The better you become at your field, the more wins you’ll score and the easier it’ll be to enter the positive spiral.
I’ve tried this approach on countless occasions, and it didn’t fail me not even once.
It can work like a charm for your business issues, your health or your relationships.
For example, we all dream of building a multi-billion dollar company. But with zero knowledge, funds, connections and confidence, it’s extremely hard (if not impossible) to achieve it.
The same way you cannot become a master at dating unless you train your social skills, have a few dozen dates and score some *victories* first.
As time passes, you’ll notice that the better you become at something, the easier it’ll be for your brain to push you towards this. The more pounds you lose, the more eager you become to improve further.
The better you become in business and the more money you make, the harder you want to push to earn more, etc.
It all boils down to basic brain chemistry (like everything). The more you associate a particular result (i.e. making more money), with a positive emotion, the more your reward brain centers (mostly basal ganglia) work to give you more of this.
But at the same time, besides wanting more of it, it also has another positive side-effect. Winning (or losing in the opposite case), gradually becomes your reality and comfort zone.
If all you taste is win, it becomes the “normal” and expected outcome. You don’t think about losing at all. It just seems like impossible to lose. That’s how Schumacher and Scuderia Ferrari felt back in 2004.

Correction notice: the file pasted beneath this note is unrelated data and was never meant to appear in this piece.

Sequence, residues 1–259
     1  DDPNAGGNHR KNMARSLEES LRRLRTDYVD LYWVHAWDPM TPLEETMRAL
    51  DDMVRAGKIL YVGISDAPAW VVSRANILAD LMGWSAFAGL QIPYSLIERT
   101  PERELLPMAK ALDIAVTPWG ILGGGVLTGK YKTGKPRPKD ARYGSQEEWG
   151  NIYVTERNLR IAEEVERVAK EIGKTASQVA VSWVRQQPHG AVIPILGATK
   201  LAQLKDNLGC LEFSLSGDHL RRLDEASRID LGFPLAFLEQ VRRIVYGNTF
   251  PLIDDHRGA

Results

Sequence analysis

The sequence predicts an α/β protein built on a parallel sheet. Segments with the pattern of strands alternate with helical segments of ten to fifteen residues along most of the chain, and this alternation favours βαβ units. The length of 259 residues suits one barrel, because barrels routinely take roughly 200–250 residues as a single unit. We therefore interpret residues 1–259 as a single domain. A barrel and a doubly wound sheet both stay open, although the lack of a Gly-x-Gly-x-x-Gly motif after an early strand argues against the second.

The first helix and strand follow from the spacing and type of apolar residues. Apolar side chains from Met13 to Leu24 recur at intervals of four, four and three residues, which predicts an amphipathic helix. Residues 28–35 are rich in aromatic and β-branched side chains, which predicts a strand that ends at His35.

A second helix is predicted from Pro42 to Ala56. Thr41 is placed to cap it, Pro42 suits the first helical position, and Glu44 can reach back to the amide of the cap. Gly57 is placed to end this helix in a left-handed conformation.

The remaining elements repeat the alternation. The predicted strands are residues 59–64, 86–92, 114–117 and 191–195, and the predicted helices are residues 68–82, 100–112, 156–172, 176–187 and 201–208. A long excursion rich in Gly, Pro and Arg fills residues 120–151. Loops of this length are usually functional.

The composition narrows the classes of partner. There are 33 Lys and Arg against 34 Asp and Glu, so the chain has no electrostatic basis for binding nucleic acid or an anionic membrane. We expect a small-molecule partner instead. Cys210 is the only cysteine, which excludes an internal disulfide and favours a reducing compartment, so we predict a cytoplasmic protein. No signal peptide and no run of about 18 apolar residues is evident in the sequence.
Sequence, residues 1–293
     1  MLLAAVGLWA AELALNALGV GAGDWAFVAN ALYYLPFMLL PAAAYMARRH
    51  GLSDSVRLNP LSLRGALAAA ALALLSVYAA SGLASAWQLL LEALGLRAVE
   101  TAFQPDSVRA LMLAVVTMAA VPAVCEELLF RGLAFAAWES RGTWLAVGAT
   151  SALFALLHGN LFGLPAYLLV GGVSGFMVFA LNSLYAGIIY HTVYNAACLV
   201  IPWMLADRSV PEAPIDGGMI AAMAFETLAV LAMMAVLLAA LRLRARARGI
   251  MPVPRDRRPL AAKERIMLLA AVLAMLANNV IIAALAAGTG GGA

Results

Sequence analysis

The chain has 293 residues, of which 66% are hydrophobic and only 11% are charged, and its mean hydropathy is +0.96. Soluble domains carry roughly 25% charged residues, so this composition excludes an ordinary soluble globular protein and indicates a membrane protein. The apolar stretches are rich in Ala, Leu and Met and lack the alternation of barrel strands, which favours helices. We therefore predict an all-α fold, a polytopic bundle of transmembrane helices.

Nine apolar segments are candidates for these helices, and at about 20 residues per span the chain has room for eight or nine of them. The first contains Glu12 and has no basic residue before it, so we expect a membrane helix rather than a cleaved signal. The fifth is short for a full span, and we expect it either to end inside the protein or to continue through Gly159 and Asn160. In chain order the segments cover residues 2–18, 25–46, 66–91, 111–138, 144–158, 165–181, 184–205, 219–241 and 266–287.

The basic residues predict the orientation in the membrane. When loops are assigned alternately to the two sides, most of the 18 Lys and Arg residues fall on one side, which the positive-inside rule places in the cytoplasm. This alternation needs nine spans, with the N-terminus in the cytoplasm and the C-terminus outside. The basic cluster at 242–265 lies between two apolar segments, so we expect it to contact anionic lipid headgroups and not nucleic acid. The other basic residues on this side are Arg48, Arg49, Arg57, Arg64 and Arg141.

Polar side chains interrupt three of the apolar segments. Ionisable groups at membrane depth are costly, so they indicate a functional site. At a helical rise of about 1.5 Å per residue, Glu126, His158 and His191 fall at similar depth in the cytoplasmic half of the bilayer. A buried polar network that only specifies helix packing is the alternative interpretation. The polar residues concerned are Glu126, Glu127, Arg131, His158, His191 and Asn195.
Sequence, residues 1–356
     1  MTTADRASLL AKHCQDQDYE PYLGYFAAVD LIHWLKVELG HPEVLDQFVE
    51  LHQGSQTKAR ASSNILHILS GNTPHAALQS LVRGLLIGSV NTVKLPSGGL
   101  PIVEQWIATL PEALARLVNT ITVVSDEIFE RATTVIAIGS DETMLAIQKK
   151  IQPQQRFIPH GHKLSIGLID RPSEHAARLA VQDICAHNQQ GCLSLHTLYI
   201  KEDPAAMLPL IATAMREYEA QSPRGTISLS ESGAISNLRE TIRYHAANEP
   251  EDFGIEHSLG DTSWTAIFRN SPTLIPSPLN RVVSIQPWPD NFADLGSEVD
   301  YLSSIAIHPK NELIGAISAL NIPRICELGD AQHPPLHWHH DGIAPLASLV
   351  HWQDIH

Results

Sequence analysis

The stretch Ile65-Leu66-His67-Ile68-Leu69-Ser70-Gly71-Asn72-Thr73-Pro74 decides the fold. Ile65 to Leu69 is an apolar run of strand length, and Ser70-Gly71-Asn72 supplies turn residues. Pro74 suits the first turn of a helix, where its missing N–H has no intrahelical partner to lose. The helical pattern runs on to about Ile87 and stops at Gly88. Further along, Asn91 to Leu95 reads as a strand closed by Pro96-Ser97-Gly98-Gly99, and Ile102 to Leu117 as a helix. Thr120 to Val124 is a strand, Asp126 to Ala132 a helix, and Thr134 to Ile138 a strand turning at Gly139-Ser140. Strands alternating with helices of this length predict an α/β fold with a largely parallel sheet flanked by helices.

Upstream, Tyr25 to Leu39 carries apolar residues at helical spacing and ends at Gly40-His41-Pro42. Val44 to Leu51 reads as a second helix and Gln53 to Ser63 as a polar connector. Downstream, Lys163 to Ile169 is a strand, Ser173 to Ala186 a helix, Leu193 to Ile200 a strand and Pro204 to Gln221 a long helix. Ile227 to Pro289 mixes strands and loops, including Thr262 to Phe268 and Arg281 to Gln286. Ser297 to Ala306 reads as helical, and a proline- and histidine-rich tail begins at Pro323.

Why you need to start low
OK, since winning is so sexy, why should I begin scoring small wins first?
Again, this is a brain chemistry game. The brain is wired in such a way that besides producing, positive emotions on wins, it’ll also produce “feel bad” hormones when losing.
And to be fair, these hormones are way stronger that the reward ones. It all makes sense if you think that during our evolutionary past, finding a fruit or having sex, was positive and rewarding, but if a saber-tooth ate your a$$, it was game over.
So our brains had to evolve in a way that, losses and negative emotions, would have a significant impact on our psychology.
The best way to overcome this is to start low like I said before. You need to prime yourself for victory. If you wanna earn millions, you don’t start by founding the new Facebook. Odds of failure are very high.
Start small and within reach. As time passes, you’ll become better and better at what you do, and then you can graduate to your next level. Think of this as a video game. You never start the first level by fighting the final boss.
Same way goes in business, relationships, etc.
If you wanna build a successful business, you need to start studying a lot about this business. Then you need to take baby steps into putting things in place, that won’t cost a ton of money. Then as time passes and you become more efficient, you’ll grow faster and bigger.
Take a closer look at the picture above. The reason the spiral becomes wider is that positive (or negative) results and emotions tend to compound over time.
So your first few victories might have a small psychological impact on you. But the more of them you score, the greater impact they’ll have.
The state we want to achieve is the one, where losing seems almost impossible.
And trust me it can be done.
Here’s to the greatest racing car driver of all time.